In addition to military perspectives, American strategy must be explored from political perspectives. Iraqi neighbors, including Saudi Arabia, Jordan, and Gulf emirates, worry American disengagement rather than “decline”. McCain told that it was presidential leadership that would persuade war weary public to accept global engagement as Harry Truman did during the Korean War. He stressed US help to Iraq was urgent because ISIS was more dreadful than Al Qaeda as to displace 500,000 people in Mosul, and execute 1,700 of them. In PBS News Hour on June 21, Gideon Rose, Editor of Foreign Affairs, pointed out that ISIS was disowned by Al Qaeda, because of the brutality. See the video below.






Currently, ISIS is richer than Al Qaeada as they took oil fields, and extort tax from the business. Furthermore, they seized money and gold from the bank when they captured Mosul. See the video below.






On the other hand, the shadow of Iran is growing among Shiites. Is it likely that the United States work with Iran? In response to Maliki’s call for the Shiite militia to fight against Sunni insurgents, Iranian proxies moved from Syria to southern Iraq. Maliki could lapse into heavily dependent on Iran (“Iranian Proxies Step Up Their Role in Iraq”; Washington Institute for Near East Policy---Policy Watch; June 13, 2014). Meanwhile, Iranian supreme leader Ali Khamenei condemned US intervention in Iraq when Obama announced to send 300 troops there. Some watchers see it a warning against the United States not to replace Maliki with someone else (“Iran rejects U.S. action in Iraq, ISIL tightens Syria border grip”; Reuters News; June 23, 2014). Iran’s leverage in Syria, Iraq, and Gulf Arabs, is growing. In view of this, Camille Pescasting, Senior Associate Professor at the School of Advanced International Studies of the Johns Hopkins University, even argues that Iran may act as the Regional Guard as it did under the Nixon doctrine, since Obama is so unwilling to get involved (“Iran, the New Force for Regional Stability?”; World Affairs Online; June 2014). However, General Keane pointed out that Iran was hardly interested in driving ISIS out of the desert in western Iraq, and simply wanted to take the oil rich south. Therefore, Keane told it nonsense to work with Iran, or rely on this country for regional stability.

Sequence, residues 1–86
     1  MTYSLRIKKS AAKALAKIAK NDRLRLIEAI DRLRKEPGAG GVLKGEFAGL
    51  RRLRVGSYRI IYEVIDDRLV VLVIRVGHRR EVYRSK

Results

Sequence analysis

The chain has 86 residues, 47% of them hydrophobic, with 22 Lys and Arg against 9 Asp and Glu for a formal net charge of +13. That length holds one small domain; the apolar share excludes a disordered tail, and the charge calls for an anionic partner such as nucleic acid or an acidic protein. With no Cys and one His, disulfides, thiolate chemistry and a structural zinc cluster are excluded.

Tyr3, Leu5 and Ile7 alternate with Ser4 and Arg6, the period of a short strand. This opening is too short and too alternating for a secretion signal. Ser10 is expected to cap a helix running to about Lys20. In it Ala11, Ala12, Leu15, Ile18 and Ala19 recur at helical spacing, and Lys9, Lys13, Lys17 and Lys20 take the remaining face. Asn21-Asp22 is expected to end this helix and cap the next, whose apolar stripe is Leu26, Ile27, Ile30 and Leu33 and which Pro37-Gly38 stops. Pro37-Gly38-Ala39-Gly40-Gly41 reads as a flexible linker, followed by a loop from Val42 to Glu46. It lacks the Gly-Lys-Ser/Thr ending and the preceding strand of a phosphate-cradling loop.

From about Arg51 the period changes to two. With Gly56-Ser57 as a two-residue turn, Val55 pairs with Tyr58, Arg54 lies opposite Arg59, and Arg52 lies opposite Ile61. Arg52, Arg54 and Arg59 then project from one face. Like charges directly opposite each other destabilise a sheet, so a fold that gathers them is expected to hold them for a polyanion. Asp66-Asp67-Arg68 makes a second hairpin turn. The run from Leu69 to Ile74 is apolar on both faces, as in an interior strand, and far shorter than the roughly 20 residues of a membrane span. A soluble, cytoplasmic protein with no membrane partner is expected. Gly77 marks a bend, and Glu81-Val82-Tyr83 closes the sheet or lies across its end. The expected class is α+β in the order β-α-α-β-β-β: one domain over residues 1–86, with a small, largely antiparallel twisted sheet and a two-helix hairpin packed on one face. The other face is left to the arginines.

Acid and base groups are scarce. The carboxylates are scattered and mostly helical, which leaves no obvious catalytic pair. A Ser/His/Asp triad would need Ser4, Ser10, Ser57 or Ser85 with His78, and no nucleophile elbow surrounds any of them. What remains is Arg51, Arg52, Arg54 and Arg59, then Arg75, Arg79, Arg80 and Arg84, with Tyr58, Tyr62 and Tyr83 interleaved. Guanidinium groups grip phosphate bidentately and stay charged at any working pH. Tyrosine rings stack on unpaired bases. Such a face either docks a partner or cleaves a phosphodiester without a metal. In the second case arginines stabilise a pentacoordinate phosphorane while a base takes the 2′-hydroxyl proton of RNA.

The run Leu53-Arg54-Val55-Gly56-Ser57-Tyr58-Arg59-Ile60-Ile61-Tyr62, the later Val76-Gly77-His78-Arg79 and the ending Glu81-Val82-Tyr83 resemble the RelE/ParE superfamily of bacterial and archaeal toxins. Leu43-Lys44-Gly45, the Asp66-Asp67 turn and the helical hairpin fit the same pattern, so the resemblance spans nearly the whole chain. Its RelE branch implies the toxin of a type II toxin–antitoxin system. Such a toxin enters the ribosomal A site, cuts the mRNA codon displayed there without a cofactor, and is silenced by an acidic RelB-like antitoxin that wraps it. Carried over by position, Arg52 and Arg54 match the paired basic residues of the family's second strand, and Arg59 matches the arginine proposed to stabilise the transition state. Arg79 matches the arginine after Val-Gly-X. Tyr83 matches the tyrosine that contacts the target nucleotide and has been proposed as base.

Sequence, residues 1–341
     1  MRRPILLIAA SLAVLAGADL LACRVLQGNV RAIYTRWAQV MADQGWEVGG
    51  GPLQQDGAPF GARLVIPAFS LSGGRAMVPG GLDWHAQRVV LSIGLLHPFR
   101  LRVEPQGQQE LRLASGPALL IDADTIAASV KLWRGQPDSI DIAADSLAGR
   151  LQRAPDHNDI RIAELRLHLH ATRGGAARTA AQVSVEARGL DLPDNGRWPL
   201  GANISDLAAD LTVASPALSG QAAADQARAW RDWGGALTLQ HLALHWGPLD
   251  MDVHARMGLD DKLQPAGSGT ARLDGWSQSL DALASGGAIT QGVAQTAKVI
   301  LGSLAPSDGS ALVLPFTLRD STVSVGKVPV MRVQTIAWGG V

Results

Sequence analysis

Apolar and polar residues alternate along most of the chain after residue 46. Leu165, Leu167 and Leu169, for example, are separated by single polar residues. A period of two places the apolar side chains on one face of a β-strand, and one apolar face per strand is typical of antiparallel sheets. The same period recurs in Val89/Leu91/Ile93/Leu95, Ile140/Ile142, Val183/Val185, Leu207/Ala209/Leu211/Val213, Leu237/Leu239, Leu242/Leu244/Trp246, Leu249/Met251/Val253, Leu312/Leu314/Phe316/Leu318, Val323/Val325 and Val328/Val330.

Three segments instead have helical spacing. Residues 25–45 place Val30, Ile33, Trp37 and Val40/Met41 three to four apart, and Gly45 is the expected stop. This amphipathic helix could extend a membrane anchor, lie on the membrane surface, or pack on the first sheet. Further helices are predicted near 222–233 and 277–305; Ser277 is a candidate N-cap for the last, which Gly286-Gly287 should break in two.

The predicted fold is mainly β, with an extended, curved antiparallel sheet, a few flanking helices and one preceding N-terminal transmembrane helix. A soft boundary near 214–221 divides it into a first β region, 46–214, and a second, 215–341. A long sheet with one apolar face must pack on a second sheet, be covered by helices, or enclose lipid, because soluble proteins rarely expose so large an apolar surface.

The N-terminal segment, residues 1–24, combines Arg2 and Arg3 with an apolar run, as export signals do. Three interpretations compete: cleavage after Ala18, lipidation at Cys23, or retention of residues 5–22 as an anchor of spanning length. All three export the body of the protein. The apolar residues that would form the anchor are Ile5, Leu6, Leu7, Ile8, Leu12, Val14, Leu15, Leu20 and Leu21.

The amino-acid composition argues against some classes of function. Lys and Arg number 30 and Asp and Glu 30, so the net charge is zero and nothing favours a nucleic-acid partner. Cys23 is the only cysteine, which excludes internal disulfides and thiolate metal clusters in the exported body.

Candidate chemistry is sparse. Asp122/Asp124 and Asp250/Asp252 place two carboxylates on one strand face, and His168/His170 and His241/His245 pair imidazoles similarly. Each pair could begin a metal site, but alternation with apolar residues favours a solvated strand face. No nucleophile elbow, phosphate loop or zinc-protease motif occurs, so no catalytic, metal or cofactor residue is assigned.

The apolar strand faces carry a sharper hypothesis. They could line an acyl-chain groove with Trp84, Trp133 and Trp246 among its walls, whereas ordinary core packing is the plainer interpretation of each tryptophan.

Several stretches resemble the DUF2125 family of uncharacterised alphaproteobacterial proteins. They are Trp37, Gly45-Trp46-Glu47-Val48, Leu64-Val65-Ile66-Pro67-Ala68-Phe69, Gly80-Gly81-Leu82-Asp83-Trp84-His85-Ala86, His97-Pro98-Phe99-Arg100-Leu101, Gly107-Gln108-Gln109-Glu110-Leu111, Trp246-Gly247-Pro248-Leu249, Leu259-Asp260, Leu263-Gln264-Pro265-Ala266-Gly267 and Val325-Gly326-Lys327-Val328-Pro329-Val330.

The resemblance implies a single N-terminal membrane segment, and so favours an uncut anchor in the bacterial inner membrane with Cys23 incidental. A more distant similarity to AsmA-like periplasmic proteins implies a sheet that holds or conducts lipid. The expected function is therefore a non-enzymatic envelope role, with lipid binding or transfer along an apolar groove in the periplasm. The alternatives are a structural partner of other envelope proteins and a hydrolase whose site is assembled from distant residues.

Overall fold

In addition to domestic and regional power interactions, things will be increasingly unpredictable as Maliki’s purchase of 12 Su-25 ground attack fighters from Russia. Iraq was frustrated with slow delivery of F-16 fighters from the United States. Though Iraq agreed to buy 18 of them in 2011, they acquired the first one this June (“From Iraq to Syria, splinter groups now larger worry than al-Qaeda”; Washington Post; June 10, 2014). Also, Obama ordered drones to protect US personnel on the ground who were on non-combat missions (“Iraq receives Russian fighter jets to fight rebels”; BBC News; 29 June, 2014). Russian instructors came to Iraq along with Sukhoi jets, which is an implicit challenge to the United States. In addition, there is a rumor that Iran will return some Saddam Hussein’s warplane to Iraq, mostly Russian and some French Mirage F-1s, that evacuated from US air attack during 1990-91 Gulf War (“Russian Jets and Experts Sent to Iraq to Aid Army”; New York Times; June 29, 2014). The problem is, the Iraqi armed force has been Americanized in weaponry systems and training after the fall of Saddam Hussein. Even if redeploying Soviet-made Su-25s, can Iraqi pilots use them effectively? In addition, it is quite doubtful whether old Soviet fighters can coordinate with US special forces on the ground in targeted and limited attacks.


As seen in the contract on F-16 fighters and Apache helicopters, the Obama administration withdrew the whole of US forces before building up the Iraqi security forces. McCain told the critical point that Obama was elected in protest of Bush’s long war in Iraq and Afghanistan, at the panel discussion. His non Western thoughts and backgrounds are the antitheses of traditional America. The current crisis is a result of disrespect to foreign policy continuity. Will the United States overturn this negative trend in Iraq as General Keane suggests, and not repeat the same mistake in Afghanistan?